Greek-Style Potato Salad

August 16, 2008 · 7 comments

in greek,healthy,potatoes

If you’ve followed this blog, you know of my deep-seated hatred for mayonnaise. I literally have to look away when I find myself at a place like Subway and the person in front of me orders mayo on their sub. Sometimes, the sandwich preparer will automatically pick up the squeeze bottle of mayonnaise when it’s my turn to pick out my condiments and I get a look of panic on my face, hands flying up into stop signs. Nooooooo! No mayo, please!

So, it’s safe to say that I am not a huge fan of the traditional summer salads, like chicken, potato and pasta. And it’s sometimes a shame because these things are everywhere, to the point where I often find myself side dish-less at summer parties and barbecues.

When I was about 9 years old, my stepmom (then just my dad’s girlfriend) asked if I would like some potato salad with my meal. I debated. Do I try this just to be polite since this could be my future stepmother? Certainly writhing in fear and disgust was not an appropriate reaction. But then, I peeked into the bowl she was pointing to. Hmm. It sure didn’t look like mayonnaise. It looked pretty good, really. So, I scooped some onto my plate.

And, I fell in love. This Greek-style potato salad quickly became one of my favorite side dishes. I don’t know that you can really refer to it  as a “salad” but why not? My stepmother is also a first-generation Greek, but I had never seen this particular dish before growing up because of the differences in Greek regional cuisine. It has the same flavors, though, as those roasted potatoes everyone loves: lemon, olive oil, oregano. A trifecta of awesomeness.

This dish is best served at room temperature or just slightly warm, making it perfect for picnics, potlucks, and barbecues. It’s incredibly easy to throw together and it’s so, so tasty. This is one of the few dishes where I really enjoy raw onion (I love them cooked, but I have never been big on them raw). I do use a milder red onion, though. My stepmom doesn’t add parsley to this, and whether I add it or not depends on my laziness, but I do find it’s a good addition to sprinkle just a little on top for more freshness. I like  lemon quite a bit so if you want a more muted flavor, just reduce the lemon juice by a little and add more olive oil.

Greek-Style Potato Salad
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 2 lbs. russet potatoes, cut into uniform pieces
1/3 cup fresh lemon juice
2 Tbsp. extra virgin olive oil
1 Tbsp. dried oregano
1/2 red onion, finely diced
salt and pepper to taste
parsley for garnish (optional)

Put your potatoes into a pot and add cold water. Bring the water to a boil, add some salt and then cook until the potatoes are just fork tender.

Meanwhile, whisk together the lemon juice, olive oil, and oregano and set aside. Allow the potatoes to cool just a bit (not too much as the dressing will be more absorbed when they are still warm). Mash the potatoes slightly and stir in the onions and salt and pepper. Add the dressing while stirring the potatoes, to be sure it gets everywhere. Adjust seasonings and serve at room temperature. Top with chopped parsley if desired.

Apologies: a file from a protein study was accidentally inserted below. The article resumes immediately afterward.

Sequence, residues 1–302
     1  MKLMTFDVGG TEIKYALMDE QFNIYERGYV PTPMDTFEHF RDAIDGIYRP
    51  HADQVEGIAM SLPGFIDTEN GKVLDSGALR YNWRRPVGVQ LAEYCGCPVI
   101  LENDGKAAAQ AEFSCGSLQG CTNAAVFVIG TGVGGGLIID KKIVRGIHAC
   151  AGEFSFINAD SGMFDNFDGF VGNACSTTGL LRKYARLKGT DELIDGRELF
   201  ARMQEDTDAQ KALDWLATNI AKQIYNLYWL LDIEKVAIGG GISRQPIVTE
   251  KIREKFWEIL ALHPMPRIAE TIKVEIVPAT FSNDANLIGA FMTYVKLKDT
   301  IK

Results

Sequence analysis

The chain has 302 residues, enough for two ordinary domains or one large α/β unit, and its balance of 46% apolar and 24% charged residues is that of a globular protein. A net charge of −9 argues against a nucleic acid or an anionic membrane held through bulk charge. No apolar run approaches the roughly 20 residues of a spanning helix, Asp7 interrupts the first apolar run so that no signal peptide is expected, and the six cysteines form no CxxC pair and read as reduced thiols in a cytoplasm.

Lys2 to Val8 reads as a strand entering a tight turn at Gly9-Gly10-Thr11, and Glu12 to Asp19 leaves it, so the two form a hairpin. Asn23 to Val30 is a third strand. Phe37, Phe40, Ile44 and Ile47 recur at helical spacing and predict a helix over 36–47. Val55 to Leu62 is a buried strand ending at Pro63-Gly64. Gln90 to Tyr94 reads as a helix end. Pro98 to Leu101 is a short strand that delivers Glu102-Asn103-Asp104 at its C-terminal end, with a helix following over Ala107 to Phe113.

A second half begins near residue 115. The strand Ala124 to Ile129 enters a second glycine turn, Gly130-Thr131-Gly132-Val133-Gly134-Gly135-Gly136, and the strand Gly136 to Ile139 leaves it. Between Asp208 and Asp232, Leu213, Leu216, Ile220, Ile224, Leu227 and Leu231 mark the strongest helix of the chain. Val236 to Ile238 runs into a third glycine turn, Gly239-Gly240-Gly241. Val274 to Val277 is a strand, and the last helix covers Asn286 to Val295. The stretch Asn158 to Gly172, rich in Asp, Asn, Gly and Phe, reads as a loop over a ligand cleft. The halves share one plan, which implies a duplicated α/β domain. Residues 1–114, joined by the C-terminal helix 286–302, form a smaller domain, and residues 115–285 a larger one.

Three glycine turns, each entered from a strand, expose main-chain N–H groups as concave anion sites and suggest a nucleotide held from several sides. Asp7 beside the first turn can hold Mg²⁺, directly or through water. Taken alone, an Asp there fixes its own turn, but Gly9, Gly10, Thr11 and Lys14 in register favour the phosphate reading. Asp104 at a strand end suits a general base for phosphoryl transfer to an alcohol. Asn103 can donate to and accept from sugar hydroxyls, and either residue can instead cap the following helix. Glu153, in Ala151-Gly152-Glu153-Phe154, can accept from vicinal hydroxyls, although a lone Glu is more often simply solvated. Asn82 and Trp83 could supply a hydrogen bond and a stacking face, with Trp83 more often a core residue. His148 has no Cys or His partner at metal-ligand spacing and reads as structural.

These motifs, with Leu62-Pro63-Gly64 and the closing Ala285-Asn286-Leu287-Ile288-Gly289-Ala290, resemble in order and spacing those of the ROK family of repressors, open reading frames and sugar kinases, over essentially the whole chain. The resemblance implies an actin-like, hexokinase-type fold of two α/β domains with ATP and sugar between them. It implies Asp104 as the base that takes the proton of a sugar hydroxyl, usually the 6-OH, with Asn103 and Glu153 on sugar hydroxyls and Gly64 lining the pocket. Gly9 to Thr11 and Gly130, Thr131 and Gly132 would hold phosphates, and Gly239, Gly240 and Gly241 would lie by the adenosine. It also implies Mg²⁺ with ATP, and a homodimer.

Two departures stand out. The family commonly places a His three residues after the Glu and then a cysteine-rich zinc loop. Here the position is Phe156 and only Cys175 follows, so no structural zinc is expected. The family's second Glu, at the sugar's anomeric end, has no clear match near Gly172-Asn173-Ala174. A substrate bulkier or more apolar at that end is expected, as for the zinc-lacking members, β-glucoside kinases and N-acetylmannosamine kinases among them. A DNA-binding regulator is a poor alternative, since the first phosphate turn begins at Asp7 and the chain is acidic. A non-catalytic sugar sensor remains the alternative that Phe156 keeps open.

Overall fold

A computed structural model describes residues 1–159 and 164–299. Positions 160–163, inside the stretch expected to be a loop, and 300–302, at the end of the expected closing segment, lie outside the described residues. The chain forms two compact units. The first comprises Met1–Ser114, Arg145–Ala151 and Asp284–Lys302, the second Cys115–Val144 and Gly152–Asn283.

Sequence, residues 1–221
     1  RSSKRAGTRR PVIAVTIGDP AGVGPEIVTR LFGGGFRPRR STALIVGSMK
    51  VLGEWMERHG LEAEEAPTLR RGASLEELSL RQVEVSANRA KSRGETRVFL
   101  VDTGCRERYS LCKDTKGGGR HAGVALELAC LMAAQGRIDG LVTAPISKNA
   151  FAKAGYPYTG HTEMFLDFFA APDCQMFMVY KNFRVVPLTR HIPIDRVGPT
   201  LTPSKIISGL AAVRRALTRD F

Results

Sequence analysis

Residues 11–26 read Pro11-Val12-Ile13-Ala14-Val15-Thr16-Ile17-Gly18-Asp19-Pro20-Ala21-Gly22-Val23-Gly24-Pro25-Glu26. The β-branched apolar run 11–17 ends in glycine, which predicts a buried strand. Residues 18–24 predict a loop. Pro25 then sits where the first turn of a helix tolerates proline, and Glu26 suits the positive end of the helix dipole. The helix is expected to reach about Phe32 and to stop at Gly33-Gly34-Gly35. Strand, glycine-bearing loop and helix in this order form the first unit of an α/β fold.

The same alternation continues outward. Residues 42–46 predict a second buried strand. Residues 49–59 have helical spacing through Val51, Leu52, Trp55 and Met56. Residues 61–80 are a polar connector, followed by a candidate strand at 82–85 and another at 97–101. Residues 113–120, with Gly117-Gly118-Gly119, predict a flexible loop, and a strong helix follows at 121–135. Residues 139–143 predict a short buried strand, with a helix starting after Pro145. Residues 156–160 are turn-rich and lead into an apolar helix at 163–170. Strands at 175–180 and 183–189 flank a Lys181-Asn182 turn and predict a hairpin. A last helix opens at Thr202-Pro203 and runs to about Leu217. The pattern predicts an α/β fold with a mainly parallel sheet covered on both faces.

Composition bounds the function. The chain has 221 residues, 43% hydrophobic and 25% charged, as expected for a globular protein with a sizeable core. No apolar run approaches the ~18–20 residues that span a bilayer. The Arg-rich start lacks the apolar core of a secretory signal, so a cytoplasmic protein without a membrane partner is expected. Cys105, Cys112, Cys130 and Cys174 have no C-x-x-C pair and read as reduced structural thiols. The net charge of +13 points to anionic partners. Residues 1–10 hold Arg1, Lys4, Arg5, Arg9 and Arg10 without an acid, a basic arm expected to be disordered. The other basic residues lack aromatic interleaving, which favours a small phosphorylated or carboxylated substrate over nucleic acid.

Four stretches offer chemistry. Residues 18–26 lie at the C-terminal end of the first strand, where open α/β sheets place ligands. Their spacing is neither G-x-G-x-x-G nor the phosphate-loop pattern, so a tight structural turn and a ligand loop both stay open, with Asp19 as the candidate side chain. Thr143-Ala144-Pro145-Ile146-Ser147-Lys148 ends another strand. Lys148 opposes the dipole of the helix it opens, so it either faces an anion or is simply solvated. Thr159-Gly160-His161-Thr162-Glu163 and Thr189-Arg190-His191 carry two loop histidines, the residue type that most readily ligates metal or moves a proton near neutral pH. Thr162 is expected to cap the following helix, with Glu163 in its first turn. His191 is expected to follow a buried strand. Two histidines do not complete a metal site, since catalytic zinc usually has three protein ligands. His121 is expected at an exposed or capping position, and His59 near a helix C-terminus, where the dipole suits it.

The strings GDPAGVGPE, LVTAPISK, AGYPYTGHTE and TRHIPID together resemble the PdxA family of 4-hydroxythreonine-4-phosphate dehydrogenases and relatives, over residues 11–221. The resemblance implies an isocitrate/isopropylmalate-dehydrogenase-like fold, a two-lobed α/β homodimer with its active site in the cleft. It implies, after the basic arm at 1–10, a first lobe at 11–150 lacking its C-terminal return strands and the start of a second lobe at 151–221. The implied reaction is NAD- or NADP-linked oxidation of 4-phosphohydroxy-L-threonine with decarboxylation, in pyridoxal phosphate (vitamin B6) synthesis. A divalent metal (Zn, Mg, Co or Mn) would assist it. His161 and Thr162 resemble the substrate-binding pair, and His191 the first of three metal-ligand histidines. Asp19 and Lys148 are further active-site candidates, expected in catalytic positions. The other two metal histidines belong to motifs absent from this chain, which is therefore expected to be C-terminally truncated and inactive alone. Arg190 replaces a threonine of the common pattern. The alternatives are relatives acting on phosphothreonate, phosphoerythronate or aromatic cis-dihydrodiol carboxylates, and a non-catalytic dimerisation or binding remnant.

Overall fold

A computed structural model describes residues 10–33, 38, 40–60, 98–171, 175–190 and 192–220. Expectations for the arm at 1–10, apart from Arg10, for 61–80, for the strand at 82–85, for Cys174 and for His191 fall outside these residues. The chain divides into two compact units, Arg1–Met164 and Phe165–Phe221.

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{ 7 comments… read them below or add one }

Irene Holoway January 26, 2009 at 9:32 am

How much potato? 5 Lbs.????

I would like to try this.

Irene

Reply

elly January 26, 2009 at 10:32 am

Oops, sorry Irene, looks like it cut off on my blog! It’s actually 2 lbs. of potatoes. Hope you like it!

Reply

efi raptaki October 21, 2009 at 7:38 am

elly, it’s just amazing that although i live in greece (mind you i have lived in london for 30 years) i discover that whatever recipe of yours i read i have come to the same conclusuin: no, no mayonese and this is how i make my potato salad. it’s delicious. the same goes for a few of your greek recipes, keftedes, pastichio, moussaka. i ove what you write and your photos. did you have training to produce these ‘professional but not fake’ amazing photos? please tell
efi

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Dr. Glyn Burgess April 1, 2011 at 11:51 am

Thank you for helping to spread awareness of traditional Greek food. Almost every other cuisine in the world now has been bastardized into some format or other but thankfully Greek food remains what it is – simple, wholesome, appetizing and above all enjoyable!

Although I’m British (and now living in Brazil) Greece was my second home whenever I could steal a couple of weeks or more away from the UK. Thankfully this was several times a year which allowed me to explore the Islands especially. The beaches and tavernas seem like a lifetime away now but hopefully I’ll get the chance to go back again, especially to Kefalonia, my favorite of all.

Thanks again.
Glyn

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Maria December 5, 2011 at 4:09 pm

My mom uses fresh chopped Mint in hers… It’s really good! Give it a try sometime!

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Chrisanthe July 20, 2013 at 4:50 pm

LOL! I also have a deep-seated hatred for mayonnaise. If I have to spread some on my husband’s sandwich and any touches my hand I get all grossed out. And the squishy noise it makes- ew!!!

Reply

Yemek Tarifleri December 9, 2013 at 4:52 am

thanks for the recipe. Looks delicious.

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